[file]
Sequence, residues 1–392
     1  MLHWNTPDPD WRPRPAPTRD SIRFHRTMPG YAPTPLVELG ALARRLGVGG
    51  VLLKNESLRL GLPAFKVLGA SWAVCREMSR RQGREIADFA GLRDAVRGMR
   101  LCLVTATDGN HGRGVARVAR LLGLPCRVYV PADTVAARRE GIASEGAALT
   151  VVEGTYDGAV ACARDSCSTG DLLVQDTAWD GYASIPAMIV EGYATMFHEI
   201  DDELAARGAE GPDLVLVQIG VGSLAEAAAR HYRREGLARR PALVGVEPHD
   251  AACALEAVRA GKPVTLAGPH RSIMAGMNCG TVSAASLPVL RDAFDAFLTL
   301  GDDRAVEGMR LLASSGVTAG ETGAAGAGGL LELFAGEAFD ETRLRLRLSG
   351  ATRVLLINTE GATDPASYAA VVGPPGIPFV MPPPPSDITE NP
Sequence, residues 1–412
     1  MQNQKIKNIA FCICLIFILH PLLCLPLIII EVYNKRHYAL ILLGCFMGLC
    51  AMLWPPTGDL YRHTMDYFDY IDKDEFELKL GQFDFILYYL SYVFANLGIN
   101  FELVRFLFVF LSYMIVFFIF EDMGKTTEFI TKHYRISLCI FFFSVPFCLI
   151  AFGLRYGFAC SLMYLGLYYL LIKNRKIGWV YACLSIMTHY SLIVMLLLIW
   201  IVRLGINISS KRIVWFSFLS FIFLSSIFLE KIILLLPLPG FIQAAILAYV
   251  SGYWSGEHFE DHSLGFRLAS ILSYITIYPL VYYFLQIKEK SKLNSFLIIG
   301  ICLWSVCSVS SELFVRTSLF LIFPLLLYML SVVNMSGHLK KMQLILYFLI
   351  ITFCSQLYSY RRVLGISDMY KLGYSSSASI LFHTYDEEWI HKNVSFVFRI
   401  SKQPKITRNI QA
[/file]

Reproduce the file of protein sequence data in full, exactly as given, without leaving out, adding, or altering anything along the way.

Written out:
Sequence, residues 1–392
     1  MLHWNTPDPD WRPRPAPTRD SIRFHRTMPG YAPTPLVELG ALARRLGVGG
    51  VLLKNESLRL GLPAFKVLGA SWAVCREMSR RQGREIADFA GLRDAVRGMR
   101  LCLVTATDGN HGRGVARVAR LLGLPCRVYV PADTVAARRE GIASEGAALT
   151  VVEGTYDGAV ACARDSCSTG DLLVQDTAWD GYASIPAMIV EGYATMFHEI
   201  DDELAARGAE GPDLVLVQIG VGSLAEAAAR HYRREGLARR PALVGVEPHD
   251  AACALEAVRA GKPVTLAGPH RSIMAGMNCG TVSAASLPVL RDAFDAFLTL
   301  GDDRAVEGMR LLASSGVTAG ETGAAGAGGL LELFAGEAFD ETRLRLRLSG
   351  ATRVLLINTE GATDPASYAA VVGPPGIPFV MPPPPSDITE NP
Sequence, residues 1–412
     1  MQNQKIKNIA FCICLIFILH PLLCLPLIII EVYNKRHYAL ILLGCFMGLC
    51  AMLWPPTGDL YRHTMDYFDY IDKDEFELKL GQFDFILYYL SYVFANLGIN
   101  FELVRFLFVF LSYMIVFFIF EDMGKTTEFI TKHYRISLCI FFFSVPFCLI
   151  AFGLRYGFAC SLMYLGLYYL LIKNRKIGWV YACLSIMTHY SLIVMLLLIW
   201  IVRLGINISS KRIVWFSFLS FIFLSSIFLE KIILLLPLPG FIQAAILAYV
   251  SGYWSGEHFE DHSLGFRLAS ILSYITIYPL VYYFLQIKEK SKLNSFLIIG
   301  ICLWSVCSVS SELFVRTSLF LIFPLLLYML SVVNMSGHLK KMQLILYFLI
   351  ITFCSQLYSY RRVLGISDMY KLGYSSSASI LFHTYDEEWI HKNVSFVFRI
   401  SKQPKITRNI QA